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The Pacific Black Brant Enigma: Part 2

Pursuing the Pacific black brant in Mexico.

The Pacific Black Brant Enigma: Part 2

The low down on what’s happening with the Pacific black brant south of the border. (Photo By: Scott Haugen)

In brant-like fashion the flock came in low. Their streamlined silhouettes stood out as I’d seen so many times, but in other places. When they dropped their feet and cupped into the decoys, my buddy and I raised up and shot.

I fired twice, killing two brant. My friend also doubled. I was done for the day, even though I could have shot three more. I took my camera, backed up 30 yards behind the blind and took pictures of Gary Kramer as he finished his limit. Looking through the telephoto lens at these magnificent birds against the sandy dunes in the background, a sea of blue shimmering beneath them and a warming sun ascending the horizon, I was spellbound.

Snapping shots of the rudimentary blind made of palm leaves is when it hit me: I was finally hunting brant in Mexico. As a kid I read about this place but never thought I’d get there. The fact I was hunting with the Gary Kramer made it even more special.


Heading South

In 1976, Kramer completed his Master’s thesis on winter ecology of black brant in San Quintin Bay, Mexico. In 1974, while studying brant in the Baja, Kramer became the first to document the nonstop brant migration from Cold Bay, Alaska to San Quintin. “At sunrise on Nov. 5, 1974, the first significant departure of brant at Cold Bay occurred,” Kramer recalls. “The refuge manager in Cold Bay sent me a telegram the minute the birds left. I watched closely for the brant to arrive, and they did, on Nov. 8. It took the brant 60 hours to travel 3,000 air miles. That’s an average of 50 MPH. Over the years, this impressive migration has been confirmed  with modern technology, multiple times, but it was pretty special to be a part of it long before the days of radio tracking.”

Where Kramer stayed while studying brant in San Quintin in the 1970s was remote and there were no phones. Anticipating the departure of the brant from Cold Bay, Kramer made the drive on rough roads into town to check if any telegrams had been sent to him, alerting him of the brant’s departure from the North. He did this multiple times a day.

A decade later Kramer was in San Quintin doing work as a federal biologist. Here, he and a biologist from Alaska collected a sampling of brant. A week or so prior, the biologist had collected brant in Cold Bay in order to record pre-migration body weights. When the mass migration of brant from Cold Bay began, the biologist headed south, hoping to beat them to Mexico. Kramer picked him up at the San Diego airport and they drove to San Quintin. Sixty hours after the brant had left Cold Bay, they arrived in San Quintin.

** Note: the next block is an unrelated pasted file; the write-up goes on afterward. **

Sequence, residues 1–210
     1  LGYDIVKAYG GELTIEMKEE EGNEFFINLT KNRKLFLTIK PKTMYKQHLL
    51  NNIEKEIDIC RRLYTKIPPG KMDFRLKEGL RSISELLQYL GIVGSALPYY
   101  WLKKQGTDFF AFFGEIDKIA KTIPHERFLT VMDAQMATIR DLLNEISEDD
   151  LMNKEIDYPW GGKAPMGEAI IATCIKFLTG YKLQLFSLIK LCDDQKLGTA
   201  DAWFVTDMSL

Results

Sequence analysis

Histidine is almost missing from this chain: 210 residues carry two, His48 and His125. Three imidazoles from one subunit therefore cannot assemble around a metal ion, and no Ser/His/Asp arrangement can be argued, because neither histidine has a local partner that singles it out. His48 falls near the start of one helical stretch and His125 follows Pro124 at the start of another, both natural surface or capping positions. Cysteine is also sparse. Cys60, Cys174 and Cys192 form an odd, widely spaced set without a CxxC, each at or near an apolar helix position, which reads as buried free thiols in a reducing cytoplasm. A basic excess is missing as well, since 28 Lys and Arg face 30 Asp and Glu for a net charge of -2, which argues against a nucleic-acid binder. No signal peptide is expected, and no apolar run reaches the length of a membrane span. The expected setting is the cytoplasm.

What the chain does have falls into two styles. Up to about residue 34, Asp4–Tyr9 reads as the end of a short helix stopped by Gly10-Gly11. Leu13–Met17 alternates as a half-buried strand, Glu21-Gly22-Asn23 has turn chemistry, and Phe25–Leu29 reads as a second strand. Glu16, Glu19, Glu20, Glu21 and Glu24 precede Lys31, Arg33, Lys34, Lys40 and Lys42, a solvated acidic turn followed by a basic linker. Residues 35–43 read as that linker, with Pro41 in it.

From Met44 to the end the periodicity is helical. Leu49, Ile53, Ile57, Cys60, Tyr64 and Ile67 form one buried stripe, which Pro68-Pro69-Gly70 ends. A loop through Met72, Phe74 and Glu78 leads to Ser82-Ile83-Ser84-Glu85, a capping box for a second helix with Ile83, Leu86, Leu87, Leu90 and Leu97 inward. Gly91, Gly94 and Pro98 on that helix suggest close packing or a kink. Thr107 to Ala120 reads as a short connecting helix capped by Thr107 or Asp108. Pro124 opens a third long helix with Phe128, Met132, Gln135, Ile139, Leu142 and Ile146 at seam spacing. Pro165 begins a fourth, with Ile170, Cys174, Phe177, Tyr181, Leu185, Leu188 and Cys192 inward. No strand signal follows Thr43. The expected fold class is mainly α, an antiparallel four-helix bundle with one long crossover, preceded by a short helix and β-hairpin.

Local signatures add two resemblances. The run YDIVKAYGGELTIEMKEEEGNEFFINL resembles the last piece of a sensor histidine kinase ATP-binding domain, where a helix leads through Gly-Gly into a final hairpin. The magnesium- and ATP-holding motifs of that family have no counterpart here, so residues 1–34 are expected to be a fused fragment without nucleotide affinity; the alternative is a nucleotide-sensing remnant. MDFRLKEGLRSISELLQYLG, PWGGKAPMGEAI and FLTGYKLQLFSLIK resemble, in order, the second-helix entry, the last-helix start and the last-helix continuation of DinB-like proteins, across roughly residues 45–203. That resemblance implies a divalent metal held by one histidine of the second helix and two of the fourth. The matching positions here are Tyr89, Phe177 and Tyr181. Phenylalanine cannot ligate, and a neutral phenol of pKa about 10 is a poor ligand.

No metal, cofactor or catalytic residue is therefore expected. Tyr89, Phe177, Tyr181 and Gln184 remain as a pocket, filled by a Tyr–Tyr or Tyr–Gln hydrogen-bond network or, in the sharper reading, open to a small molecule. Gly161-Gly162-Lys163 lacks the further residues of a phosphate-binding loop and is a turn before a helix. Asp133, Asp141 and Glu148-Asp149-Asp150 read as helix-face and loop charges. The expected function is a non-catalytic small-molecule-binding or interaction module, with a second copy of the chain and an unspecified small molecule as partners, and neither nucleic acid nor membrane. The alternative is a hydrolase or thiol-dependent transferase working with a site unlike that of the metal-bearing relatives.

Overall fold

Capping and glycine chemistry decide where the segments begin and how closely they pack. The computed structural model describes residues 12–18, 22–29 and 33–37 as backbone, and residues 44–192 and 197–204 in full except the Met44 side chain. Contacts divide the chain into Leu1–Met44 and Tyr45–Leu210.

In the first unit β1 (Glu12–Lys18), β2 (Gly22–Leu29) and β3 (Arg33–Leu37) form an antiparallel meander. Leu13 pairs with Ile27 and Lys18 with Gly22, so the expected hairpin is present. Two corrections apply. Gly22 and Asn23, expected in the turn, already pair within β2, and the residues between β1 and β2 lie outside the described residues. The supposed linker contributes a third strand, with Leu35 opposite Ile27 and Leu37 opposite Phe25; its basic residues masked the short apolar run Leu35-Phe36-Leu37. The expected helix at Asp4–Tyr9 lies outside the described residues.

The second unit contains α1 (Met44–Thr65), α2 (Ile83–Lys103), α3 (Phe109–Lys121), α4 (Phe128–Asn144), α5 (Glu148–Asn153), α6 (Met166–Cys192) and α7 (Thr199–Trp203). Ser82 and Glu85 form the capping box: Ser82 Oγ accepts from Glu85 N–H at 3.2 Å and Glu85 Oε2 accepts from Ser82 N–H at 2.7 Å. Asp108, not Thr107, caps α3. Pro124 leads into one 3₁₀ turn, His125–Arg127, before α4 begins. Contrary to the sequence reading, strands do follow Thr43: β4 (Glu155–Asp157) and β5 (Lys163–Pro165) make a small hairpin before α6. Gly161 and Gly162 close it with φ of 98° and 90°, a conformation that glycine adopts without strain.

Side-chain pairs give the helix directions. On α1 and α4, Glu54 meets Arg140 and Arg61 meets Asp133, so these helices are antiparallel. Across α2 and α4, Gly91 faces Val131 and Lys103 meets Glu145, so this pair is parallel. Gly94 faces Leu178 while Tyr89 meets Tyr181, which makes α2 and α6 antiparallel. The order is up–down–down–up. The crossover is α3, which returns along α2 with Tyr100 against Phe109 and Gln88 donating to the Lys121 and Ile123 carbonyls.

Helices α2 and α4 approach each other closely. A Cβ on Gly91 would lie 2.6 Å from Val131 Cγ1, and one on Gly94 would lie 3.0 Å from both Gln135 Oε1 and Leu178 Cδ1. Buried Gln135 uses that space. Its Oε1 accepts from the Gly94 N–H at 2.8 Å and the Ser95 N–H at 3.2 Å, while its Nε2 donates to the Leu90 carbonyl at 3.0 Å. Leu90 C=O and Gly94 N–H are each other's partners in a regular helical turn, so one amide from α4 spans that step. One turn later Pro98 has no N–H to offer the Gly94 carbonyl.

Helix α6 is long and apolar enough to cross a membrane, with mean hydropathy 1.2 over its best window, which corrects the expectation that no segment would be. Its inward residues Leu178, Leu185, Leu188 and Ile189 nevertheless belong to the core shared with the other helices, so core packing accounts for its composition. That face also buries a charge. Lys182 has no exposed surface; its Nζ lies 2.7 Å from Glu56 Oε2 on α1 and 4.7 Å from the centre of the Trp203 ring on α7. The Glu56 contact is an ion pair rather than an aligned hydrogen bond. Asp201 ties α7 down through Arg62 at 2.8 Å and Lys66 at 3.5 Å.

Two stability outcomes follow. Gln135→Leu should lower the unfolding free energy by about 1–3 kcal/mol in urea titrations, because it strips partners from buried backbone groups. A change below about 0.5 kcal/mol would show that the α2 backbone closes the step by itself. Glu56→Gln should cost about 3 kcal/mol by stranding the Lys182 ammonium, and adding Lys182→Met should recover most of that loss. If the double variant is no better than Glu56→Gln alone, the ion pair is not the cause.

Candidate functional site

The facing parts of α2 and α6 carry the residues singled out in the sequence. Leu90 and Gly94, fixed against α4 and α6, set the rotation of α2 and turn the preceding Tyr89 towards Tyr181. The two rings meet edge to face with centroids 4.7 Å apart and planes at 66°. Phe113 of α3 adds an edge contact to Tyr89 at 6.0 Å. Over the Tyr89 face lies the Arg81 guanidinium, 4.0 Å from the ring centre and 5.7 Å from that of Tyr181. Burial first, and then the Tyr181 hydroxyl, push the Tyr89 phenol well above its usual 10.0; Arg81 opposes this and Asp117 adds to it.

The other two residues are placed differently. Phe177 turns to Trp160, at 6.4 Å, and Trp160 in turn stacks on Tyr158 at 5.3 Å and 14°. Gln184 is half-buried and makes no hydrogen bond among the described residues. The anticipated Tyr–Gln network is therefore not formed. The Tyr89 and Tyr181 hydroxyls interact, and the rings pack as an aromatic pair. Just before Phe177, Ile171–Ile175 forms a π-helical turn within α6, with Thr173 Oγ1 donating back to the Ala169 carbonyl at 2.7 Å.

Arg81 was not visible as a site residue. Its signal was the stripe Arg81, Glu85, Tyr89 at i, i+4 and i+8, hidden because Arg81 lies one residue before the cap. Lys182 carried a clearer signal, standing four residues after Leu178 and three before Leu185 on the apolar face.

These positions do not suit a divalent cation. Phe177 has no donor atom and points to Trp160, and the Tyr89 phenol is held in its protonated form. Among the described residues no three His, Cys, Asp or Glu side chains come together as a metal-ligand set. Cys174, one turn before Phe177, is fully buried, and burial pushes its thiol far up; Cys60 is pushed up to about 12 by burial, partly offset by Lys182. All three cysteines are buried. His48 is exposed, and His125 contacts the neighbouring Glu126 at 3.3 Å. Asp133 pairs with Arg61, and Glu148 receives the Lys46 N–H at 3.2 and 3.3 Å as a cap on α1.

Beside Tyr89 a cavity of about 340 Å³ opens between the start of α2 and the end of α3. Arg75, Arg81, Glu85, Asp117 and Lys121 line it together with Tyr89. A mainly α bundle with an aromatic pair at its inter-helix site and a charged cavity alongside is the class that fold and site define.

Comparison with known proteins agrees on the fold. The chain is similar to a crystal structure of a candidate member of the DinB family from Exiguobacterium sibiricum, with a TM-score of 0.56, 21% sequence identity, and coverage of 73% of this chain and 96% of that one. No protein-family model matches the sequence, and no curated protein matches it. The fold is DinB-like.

black brant flying over water
By mid-March, brant numbers on San Quintin peak, and soon they begin a slow migration back to their nesting grounds in Alaska, Canada and Russia. (Photo By: Scott Haugen)

“The brant we harvested after that long flight lost about 20% of their body fat, which is remarkable over a 50-hour timeframe,” Kramer shares. In addition to decades of studying brant, Kramer has more than 1,000 days of hunting Mexico under his belt.

“Brant arrive in San Quintin in November, then spread out into six other bays, the farthest being about 1,200 miles south, down the Baja,” continues Kramer. “Then in January they start slowing, moving north, back into San Quintin Bay, which is the best time to hunt them as you’re targeting fresh brant that haven’t been pressured.” There’s only one other bay in the Baja where brant receive any sort of hunting pressure. “The brant travel slowly on their move north, stopping in multiple bays in California, Oregon, Washington and British Columbia to feed on eel grass,” says Kramer. “They move slow to conserve energy, retaining the highest amount of fat possible for nesting.”

“When brant arrive on their northern nesting grounds, the weather can be terrible, and nesting delayed for days, even weeks,” adds Chris Nicolai, Waterfowl Scientist at Delta Waterfowl who completed both his Masters and PhD on Pacific black brant.

Birds of a Feather

Nicolai was also on the brant hunt with us in San Quintin. One morning I hunted with Nicolai. There are few people I’ve yearned to hunt with; Nicolai was one of them. With a couple dozen floating decoys set, we hunkered behind a pile of volcanic rock. Nicolai was calling with impressive realism, and turned just about every flock of brant into our spread. We were done in 20 minutes.

The last brant we shot was a double. I shot the bird on the right, Nicolai, the one on the left. When Nicolai waded out to get the dead birds, he held them up and shouted, “Look at that, they folded right into the hand-carved decoys!” In addition to being a world-renowned waterfowl authority, Nicolai is also an avid hunter and accomplished decoy carver. He carved some brant decoys just for this trip.